Launch of the 4th National Action Plan on Women, Peace and Security
On 22 November, the FDFA launches the fourth National Action Plan on Women, Peace and Security. Together with other civil society organisations, PeaceWomen Across the Globe is taking a critical look at the implementation of the NAP 1325.
Joint Media Release of PWAG, KOFF and cfd:
On 22 November 2018, the Federal Department of Foreign Affairs (FDFA) will launch Switzerland's fourth National Action Plan to implement UN Security Council Resolution 1325 on women, peace and security in Geneva. This is an important domestic and foreign policy instrument for Switzerland as it lays the foundation for a gender-sensitive peace policy. One focus is the role of women and gender in the prevention of violent extremism. Swiss civil society critically looks at the impact of this objective on women and gender roles in peacebuilding and violence prevention.
The adoption of the UN Resolution 1325 on Women, Peace and Security in 2000 was considered a milestone for women's rights. For the first time, the UN Security Council demanded that more women be involved in conflict prevention and peace processes worldwide, and that women be protected from violence in conflicts. In the implementation of the resolution, member states have traditionally focused on the participation of women and the protection against violence. Switzerland's fourth action plan sets new priorities and defines the inclusion of women in the "prevention of violent extremism" as an important goal for effective conflict prevention.
Fifteen non-governmental organizations from Swiss civil society have committed themselves to taking a critical look at the implementation of the action plan and strengthening the relevance of the policy instrument for practice. They advocate a critical examination of the role of gender in peacebuilding and violence prevention. As part of the first phase in a four-year project, we are looking into following questions:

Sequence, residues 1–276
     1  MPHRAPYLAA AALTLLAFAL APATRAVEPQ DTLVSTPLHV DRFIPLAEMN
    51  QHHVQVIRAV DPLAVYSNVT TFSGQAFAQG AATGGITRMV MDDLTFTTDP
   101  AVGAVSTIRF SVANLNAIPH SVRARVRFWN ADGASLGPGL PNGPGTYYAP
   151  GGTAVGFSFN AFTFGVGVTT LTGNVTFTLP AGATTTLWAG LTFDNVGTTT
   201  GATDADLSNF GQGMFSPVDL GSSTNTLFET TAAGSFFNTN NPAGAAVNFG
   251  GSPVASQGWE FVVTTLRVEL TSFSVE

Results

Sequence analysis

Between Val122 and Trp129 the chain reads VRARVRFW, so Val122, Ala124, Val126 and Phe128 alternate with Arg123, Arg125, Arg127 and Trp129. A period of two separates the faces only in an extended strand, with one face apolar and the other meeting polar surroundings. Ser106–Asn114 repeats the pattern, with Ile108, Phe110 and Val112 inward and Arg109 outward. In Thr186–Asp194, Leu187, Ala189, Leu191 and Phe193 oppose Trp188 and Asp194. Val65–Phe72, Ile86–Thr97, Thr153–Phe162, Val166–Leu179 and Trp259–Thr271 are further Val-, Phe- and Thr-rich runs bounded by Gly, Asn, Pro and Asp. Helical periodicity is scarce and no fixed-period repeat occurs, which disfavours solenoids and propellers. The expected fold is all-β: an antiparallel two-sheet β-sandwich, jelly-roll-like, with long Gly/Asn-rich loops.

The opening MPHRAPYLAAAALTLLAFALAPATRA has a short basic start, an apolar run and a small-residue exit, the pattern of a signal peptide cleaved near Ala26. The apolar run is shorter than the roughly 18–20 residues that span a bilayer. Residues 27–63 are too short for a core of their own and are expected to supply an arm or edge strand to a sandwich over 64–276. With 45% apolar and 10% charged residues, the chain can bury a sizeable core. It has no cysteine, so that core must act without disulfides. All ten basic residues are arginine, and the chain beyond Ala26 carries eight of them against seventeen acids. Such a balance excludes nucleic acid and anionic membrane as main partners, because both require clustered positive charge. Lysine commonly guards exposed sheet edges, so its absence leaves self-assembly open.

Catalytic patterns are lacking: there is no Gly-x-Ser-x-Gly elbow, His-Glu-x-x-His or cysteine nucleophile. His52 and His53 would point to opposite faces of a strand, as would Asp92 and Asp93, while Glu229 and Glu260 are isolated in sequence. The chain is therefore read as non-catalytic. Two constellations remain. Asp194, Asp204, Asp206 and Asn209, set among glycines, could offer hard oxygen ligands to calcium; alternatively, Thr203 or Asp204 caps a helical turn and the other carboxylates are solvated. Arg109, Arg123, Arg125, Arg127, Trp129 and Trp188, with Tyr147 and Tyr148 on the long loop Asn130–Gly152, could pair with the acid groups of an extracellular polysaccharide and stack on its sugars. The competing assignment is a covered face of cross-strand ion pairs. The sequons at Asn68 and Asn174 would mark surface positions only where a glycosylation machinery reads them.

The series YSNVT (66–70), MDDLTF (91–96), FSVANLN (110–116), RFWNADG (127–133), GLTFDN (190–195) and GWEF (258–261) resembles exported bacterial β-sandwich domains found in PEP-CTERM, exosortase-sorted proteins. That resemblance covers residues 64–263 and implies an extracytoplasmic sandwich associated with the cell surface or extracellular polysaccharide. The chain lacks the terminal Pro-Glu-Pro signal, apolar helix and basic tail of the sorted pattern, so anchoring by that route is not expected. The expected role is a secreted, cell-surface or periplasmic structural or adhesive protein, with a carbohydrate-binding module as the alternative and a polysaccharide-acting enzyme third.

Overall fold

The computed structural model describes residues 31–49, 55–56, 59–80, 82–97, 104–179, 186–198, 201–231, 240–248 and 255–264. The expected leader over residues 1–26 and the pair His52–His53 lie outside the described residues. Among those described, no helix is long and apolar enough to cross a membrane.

- What roles do women play in the prevention of conflict and violence, both within and outside the framework of the "preventing violent extremism" agenda, which is strongly shaped by security sector approaches?
- How can feminist approaches to women's roles in conflict, violence prevention and peacebuilding be reconciled with the security agenda?
- What does the promotion of women's participation in efforts to "prevent violent extremism" look like in practice? What impact does this focus have on women and women's civil society organizations?
The project is coordinated by three peacebuilding organizations: KOFF - the Swiss Platform for Peacebuilding; cfd - the feminist peace organization and PeaceWomen Across the Globe.
Anna Leissing, Head of KOFF, will be happy to provide further information: E-mail: firstname.lastname@example.org ; Phone: +41 (0) 31 330 12 12.
The gender expert Elizabeth Mesok is responsible for research within the framework of the project and will represent civil society at the panel for the official launch of the National Action Plan on the 22nd of November at the Maison de la Paix in Geneva. She is available for interviews: E-mail: email@example.com ; Phone: +41 (0) 31 330 12 12 (requests in English only).